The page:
The United States Court of Appeals for the Fifth Circuit has rejected an unsuccessful job applicant’s claim that he was denied employment because of his criminal record.
- Tenant Screening
Fifth Circuit Slams the Door on Criminal Record Discrimination Lawsuit
The Plaintiff in Noris Rogers v. Pearland School District unsuccessfully argued that his history of felony convictions for drug offenses, including the sale of heroin, amounted to race discrimination under a disparate impact theory of liability.
In recent years, the Equal Employment Opportunity Commission (“EEOC”) has filed a number of high-profile lawsuits, taking the position that utilizing criminal background checks in making employment decisions may be a violation of Title VII of the Civil Rights Act of 1964. The stated rationale for EEOC’s stance is that employers’ reliance on criminal records as a factor in hiring decisions disproportionately affects, or has a “disparate impact” on African-Americans and Hispanics, who statistically have higher rates of arrest and criminal conviction.
In Rogers, the African-American Plaintiff applied for a job as a master electrician for a Texas school district. On the application, Rogers responded “No” to all questions regarding criminal history, including whether he had ever been convicted of or pled guilty to a criminal offense, and gave his consent for a criminal background check. The background check revealed that Rogers had multiple felony drug convictions. When asked by the school district’s human resources director about the incorrect information, Rogers became angry, raised his voice and had to be asked to leave. The school district later hired an African-American male for the position.
A few months later, the successful applicant resigned and the position again became available. Rogers reapplied, this time disclosing his criminal record on the application. The school district did not hire Rogers because of his “lack of candor” in disclosing his criminal record the first time. In his lawsuit, Plaintiff claimed the real reason was race discrimination based on his drug arrests, and not on the fact he lied on his job application. The Texas trial court granted the school district’s summary judgment motion, dismissing the case, and Rogers appealed the ruling to the Fifth Circuit.
In holding that the trial court was correct in dismissing the case, the Fifth Circuit rejected Rogers’ claim that the School District maintains a policy of “excluding from consideration for employment all persons who have been convicted of a felony.”While the Fifth Circuit noted that under the school district’s actual policy, a felony conviction would be an adverse factor in an application, it is “not an automatic bar to employment.” In addition, the record shows that the School District follows procedures that require the opportunity for an in-person meeting with any applicant to discuss the applicant’s criminal history. The record also shows that the School District recently hired several employees who had felony and misdemeanor convictions. The Court discounted Rogers’ comparator of a white school district employee who failed to disclose on a job application a misdemeanor charge of marihuana possession thirty years earlier.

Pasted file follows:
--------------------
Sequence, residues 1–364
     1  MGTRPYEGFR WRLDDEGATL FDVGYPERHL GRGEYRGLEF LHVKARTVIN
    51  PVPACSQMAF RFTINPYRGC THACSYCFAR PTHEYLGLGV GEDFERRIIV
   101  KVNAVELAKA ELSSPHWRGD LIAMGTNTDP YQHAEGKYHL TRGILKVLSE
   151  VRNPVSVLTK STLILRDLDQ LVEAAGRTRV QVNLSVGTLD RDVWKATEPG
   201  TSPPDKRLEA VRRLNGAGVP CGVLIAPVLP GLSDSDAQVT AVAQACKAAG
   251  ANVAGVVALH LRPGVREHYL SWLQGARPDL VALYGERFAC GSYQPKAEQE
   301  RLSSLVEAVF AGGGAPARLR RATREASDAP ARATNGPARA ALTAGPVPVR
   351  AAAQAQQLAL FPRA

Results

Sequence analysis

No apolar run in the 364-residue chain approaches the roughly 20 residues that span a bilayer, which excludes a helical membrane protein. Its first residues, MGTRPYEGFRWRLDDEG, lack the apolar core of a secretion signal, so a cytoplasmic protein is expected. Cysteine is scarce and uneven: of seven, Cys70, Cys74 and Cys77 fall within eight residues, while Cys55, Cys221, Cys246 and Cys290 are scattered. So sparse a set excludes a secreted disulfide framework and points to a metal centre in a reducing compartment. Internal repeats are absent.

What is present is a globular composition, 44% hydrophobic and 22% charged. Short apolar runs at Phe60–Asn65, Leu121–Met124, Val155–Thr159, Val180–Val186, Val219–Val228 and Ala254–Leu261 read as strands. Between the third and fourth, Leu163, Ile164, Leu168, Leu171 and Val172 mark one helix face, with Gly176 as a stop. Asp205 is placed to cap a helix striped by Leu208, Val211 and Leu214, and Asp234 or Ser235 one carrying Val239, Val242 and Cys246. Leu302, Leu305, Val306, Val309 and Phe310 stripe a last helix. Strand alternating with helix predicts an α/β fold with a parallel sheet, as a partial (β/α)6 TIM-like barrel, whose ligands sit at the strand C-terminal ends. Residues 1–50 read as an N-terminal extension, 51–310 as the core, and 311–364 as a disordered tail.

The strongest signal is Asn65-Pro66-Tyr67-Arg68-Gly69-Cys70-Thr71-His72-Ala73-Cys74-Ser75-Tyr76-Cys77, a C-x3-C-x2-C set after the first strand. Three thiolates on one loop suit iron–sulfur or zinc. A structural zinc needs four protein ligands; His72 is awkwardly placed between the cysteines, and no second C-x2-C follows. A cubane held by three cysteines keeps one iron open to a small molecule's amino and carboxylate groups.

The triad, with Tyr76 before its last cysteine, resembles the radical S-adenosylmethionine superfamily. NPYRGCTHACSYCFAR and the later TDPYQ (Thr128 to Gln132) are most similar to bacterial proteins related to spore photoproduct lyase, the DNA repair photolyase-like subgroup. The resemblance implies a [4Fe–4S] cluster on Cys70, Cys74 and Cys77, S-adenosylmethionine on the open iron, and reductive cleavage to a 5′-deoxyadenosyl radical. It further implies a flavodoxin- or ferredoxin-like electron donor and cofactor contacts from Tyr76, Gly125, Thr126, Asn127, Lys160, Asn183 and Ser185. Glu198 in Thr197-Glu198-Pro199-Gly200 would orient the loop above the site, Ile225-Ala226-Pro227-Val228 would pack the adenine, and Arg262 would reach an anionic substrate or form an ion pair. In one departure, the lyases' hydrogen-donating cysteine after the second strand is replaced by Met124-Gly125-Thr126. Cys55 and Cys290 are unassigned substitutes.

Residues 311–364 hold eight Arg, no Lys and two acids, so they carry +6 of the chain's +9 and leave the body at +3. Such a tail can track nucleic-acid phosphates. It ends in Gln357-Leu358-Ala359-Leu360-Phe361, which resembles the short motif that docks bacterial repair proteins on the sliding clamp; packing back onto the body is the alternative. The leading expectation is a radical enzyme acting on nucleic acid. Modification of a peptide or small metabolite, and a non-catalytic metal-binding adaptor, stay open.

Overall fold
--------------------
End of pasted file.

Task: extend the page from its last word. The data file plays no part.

While not discussed in detail in the Fifth Circuit’s Opinion, it appears the school district’s policy was in line with the recently updated EEOC guidelines, which put theburden on employers to develop screening guidelines to individually assess each applicant/employee to determine whether a criminal history may be used as a factor in any employment decision. Under the EEOC’s guidelines, for an employer to avoid Title VII disparate impact liability for excluding an individual with a criminal record, the employers must show that any reliance on a criminal history is job related and consistent with business necessity. In doing so, an employer must show that it considered three factors: (1) the nature and gravity of the offense, (2) the amount of time since the conviction, and (3) the relevance of the offense to the type of job being sought.
The case highlights the need for employers to have such screening guidelines in place, proper documentation to support any employment decision based on a criminal history, and not to have any blanket-ban on employing individual with a criminal history.